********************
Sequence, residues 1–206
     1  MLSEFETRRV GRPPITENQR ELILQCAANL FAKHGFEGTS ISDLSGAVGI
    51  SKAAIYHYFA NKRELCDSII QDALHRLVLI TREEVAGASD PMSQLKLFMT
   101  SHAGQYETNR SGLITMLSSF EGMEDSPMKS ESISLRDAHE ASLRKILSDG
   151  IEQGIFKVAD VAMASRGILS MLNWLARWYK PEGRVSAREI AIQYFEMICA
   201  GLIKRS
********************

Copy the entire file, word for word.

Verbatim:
Sequence, residues 1–206
     1  MLSEFETRRV GRPPITENQR ELILQCAANL FAKHGFEGTS ISDLSGAVGI
    51  SKAAIYHYFA NKRELCDSII QDALHRLVLI TREEVAGASD PMSQLKLFMT
   101  SHAGQYETNR SGLITMLSSF EGMEDSPMKS ESISLRDAHE ASLRKILSDG
   151  IEQGIFKVAD VAMASRGILS MLNWLARWYK PEGRVSAREI AIQYFEMICA
   201  GLIKRS